Programming Languages (CS302 2005S)

Questions on R5RS, Sections 1-5

Questions from: Barnes, Edwards, Fletcher, Guha, Kuo, Nyombayire, Schmitz, Shireman, Smith


Force and Delay

On page 32 of the article, the procedures force and delay are shown. Could you explain how these procedures operate?

I am unclear as to what the force and delay functions do and when you would use them.

Equality Testing

Why did the designers of Scheme decide to include three different equivalence predicates?

On page 18 the eqv? operation would return #t for (eqv? 'a 'a) but the value for (eqv? "a" "a") is unspecified. What are the considerations that would cause the Scheme developers to make this distinction?

Why would they choose to have the most discriminating equality function be called eq? and the least discriminating be called equal? That seems like a great way to confuse a lot of people early on.

This may have been explained at some point without me catching it, but why make the numerical equality predicate `=', instead of `=?'? This is inconsistent with the rest of the predicates in the language, and confuses C programmers.

If a programmer who hasn't read the specs uses `eqv?' on two identical constant expressions in his code and his compiler returns true, when he switches to a different compiler (that returns false on the `eqv?' of two constants), he's going to have a devil of a time finding the bug. Notice that the same would hold true for a female programmer.

Wait a minute, who's going to use `eqv?' on two constants, anyway? There's no reason for it! I have a hunch that the answer to my question is that the Scheme spec only leaves the behavior of functions unspecified in situations that should never come up in good code, anyway. That way, they help the language designers out by giving them some latitude, and only hurt the people who deserve it.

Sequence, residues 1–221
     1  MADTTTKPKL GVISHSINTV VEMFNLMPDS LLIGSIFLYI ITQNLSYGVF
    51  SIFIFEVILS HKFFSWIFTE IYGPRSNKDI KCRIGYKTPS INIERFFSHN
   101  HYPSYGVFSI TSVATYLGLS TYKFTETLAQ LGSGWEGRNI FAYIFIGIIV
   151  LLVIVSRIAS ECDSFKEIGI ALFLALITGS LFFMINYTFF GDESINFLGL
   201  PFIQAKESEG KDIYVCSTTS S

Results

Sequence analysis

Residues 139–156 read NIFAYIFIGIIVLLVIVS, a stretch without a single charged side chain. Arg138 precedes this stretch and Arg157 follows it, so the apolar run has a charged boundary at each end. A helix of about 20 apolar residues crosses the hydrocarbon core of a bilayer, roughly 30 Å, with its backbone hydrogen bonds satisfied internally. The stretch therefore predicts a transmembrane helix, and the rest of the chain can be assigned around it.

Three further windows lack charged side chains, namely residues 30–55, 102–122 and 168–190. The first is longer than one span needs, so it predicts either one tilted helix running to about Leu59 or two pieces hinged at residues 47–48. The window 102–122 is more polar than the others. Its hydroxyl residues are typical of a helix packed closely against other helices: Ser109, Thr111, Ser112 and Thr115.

What benefit is there to not specifying a function given a certain input? (such as on p18 for (eqv? ...)) I know it allows the implementor some room to do what he or she wants, but if you are defining a language, why not make the extra step to fully specifying?

It seems to me that the R5SR gives compiler designers a whole lot of latitude in how they implement various procedures. Wouldn't this significantly reduce the portability of scheme code?

"These procedures implement number-theoretic (integer) division. n2 should be non-zero." What does this mean, from a technical standpoint? Does this sentence force the compiler maker to do anything?

I'd like to point out that PLT Scheme v208 differs from R5RS in that:

(define (g) '(constant-list)) (set-car! (g) 3) ==> error

on page 26 of R5RS. However, it is not an error in PLT Scheme and after executing the above code:

(g) ==> (3)

This seems really wierd as does the preceding example in R5RS (define (f) ...). It seems to violate modularity of programs. For example (valid in R5RS and PLT Scheme):

(define (make-box v)
  (lambda ()
    (let ((v v))

(define x (make-box 45))
(define y (make-box (list 1 2 3 4 5))
(set! (x) 'modified) ==> error
(set-car! (y) 'modified) ==> unspecified
(y) ==> (modified 2 3 4 5)

This strikes me as an implementation-related design decision. However, I don't see what the issue is. Could you clarify?

Short Answers

In the scheme report (page 25), I was confused about the boolean data type where

(boolean? #f)  ==> #t
(boolean? 0)   ==> #f
(boolean? '()) ==> #f

Is this arbitrary? or there is an advantage of having '() and 0 define as false.

Remember that the report requires each thing to have exactly one type. The only Boolean's are #f and #t. The type of 0 is number and the type of null is, well, null.

"If an inexact argument has no reasonably close exact equivalent ..." (page 24). What would prevent an inexact number from having an exact equivalent? Couldn't one simply assume that the argument itself is exact?

I need a better definition of the difference between remainder and modulo.

I'm still having problems with continuations.

Yeah, we'll deal with it.

I don't understand call-with-values and values.

Hmmm ... those we teach in 151. Essentially, they're syntactic sugar to permit a procedure to return more than one value.

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Samuel A. Rebelsky,